Setting global security standards to make us quantum-safe
Recently there has been an increase in the perceived threat of the quantum computer to modern cryptographic standards in widespread use. During the last year, security agencies such as the United States Government National Security Agency (NSA) and the United Kingdom’s Communications Electronics Security Group (CESG) have called for a move to a set of quantum-safe cryptographic standards.
The consensus is that today’s cyber security solutions needs to be retooled sooner rather than later, and the transition to quantum-safe security must begin now. The arrival date for a practical quantum computer is still up for debate, however, most experts believe we will see a quantum computer capable of breaking current public key cryptosystems within five to 15 years.
Recently the Quantum-Safe Security Working Group from the Cloud Security Alliance (CSA), released its ‘Applied Quantum-Safe Security’ paper, designed to provide individuals in the security industry and related fields with applicable knowledge regarding the quantum computer and its influence on cyber security. The white paper discusses how cryptographic tools must be adapted to fit specific types of data and serves as a call-to-arms for the available protection options for when the quantum computer arrives.
Digital and physical security
Computer security has primarily focused on digital security methods, however, physical security of data is also critical. Algorithms provide authentication and encryption for online communications and security of a cryptographic scheme is based on mathematics and resilience against large computing power to ensure digital security. Consider this physical security example – security breaches impacting governments and large organizations are often linked to insiders, capable of physical access not afforded the outside world. This breach occurs despite the fact that digital avenues may have been closed and intensive security protocols employed.
Cryptographic keys are not only abstract random strings, but also real physical objects that should be stored in secured physical appliances. To be more quantum-safe, new tools must include all physical and mathematical security systems, each with its own practical application domain.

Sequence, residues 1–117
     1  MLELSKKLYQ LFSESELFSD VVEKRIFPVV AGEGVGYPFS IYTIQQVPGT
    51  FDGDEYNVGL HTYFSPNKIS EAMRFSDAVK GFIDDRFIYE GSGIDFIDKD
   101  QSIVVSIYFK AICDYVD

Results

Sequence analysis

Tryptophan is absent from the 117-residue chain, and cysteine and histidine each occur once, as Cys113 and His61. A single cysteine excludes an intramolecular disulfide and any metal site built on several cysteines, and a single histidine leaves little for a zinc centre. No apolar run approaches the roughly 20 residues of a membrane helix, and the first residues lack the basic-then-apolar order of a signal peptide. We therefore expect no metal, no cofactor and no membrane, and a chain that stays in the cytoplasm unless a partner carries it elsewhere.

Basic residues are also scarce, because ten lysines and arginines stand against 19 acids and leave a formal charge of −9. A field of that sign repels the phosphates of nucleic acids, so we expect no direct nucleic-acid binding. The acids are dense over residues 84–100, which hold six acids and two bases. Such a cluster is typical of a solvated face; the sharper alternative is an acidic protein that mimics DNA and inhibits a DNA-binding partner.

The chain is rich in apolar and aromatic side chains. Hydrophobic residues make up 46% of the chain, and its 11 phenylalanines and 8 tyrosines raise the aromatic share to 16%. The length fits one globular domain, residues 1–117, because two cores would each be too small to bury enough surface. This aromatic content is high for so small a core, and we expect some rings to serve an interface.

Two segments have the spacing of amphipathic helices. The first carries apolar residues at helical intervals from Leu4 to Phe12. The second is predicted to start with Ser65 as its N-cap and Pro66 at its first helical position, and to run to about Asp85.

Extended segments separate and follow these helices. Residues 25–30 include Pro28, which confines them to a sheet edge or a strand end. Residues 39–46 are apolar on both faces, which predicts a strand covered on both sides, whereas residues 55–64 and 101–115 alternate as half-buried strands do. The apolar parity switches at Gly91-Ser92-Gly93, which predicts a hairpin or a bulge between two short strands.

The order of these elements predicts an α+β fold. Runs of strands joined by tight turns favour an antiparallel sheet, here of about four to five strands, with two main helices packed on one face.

Impact of Cloud Computing
The ongoing move toward the cloud for all our IT needs greatly increases the reliance on data networks. Data is stored in huge data centers, and transferred between them at ever-increasing rates. The cloud model—with its associated storage and network requirements—enables a stronger and more reliable IT infrastructure. This heavily networked model also opens some serious new post-quantum threat vectors, with the most serious being a “data-vaulting” or harvesting attack where an attacker stores communications between the client and the cloud so that data can be decrypted in the future when general purpose quantum computers are available.
What we need to keep top of mind is that data stored today may already be compromised by future quantum computers, especially if the data is being monitored and stored.
Data “at rest” in enormous cloud data centers is also at risk since quantum computers will effectively reduce the keys protecting that data to half of their original strength. Additionally, post-quantum attack vectors will compromise the key management systems that generate, distribute and protect the keys needed to secure that data. Any connections and links between these large data centers must have the highest levels of protection possible. The need for quantum-safe cybersecurity is greatly compounded in a cloud-based IT environment.
As we move towards a world of quantum computers, organizations need to take the knowledge outlined in the ‘Applied Quantum-Safe Security’ paper and assess their own quantum-safe needs. Not every organization will require the same security measures and it takes time to change an infrastructure. The best way to prepare is to follow what is going on with the development of the quantum computer and its security solutions.
Since the cloud relies heavily on secure communications, quantum safety is a critical issue for the CSA. Enterprises will only use cloud services if they believe that their data is safe, both in the cloud provider servers and in transit. Quantum-safe security is a true requirement for further expansion of the cloud. The CSA encourages industry leaders to start thinking and talking about quantum safety. Quantum-related technology is evolving very quickly every day, both on the attack side and the defend side. Organizations should think about adopting some low-risk solutions now to improve infrastructure.
Cyber security technology never has and never will be a ‘one size fits all’. There is no one universal solution that would provide the perfect security against all possible threats. What we have learned, however, is that we must prepare ourselves for emerging technology, especially when we know it’s coming. The key to quantum computer protection is the use of adaptable cryptographic tools. These tools must be tailored to fit specific types of data and specific applications. To download a copy of the full white paper, please visit here.
(About the author: Frank Guanco is a member of the Quantum-Safe Security Working Group in the Cloud Security Alliance. This post originally appeared on his CSA blog, which can be viewed here).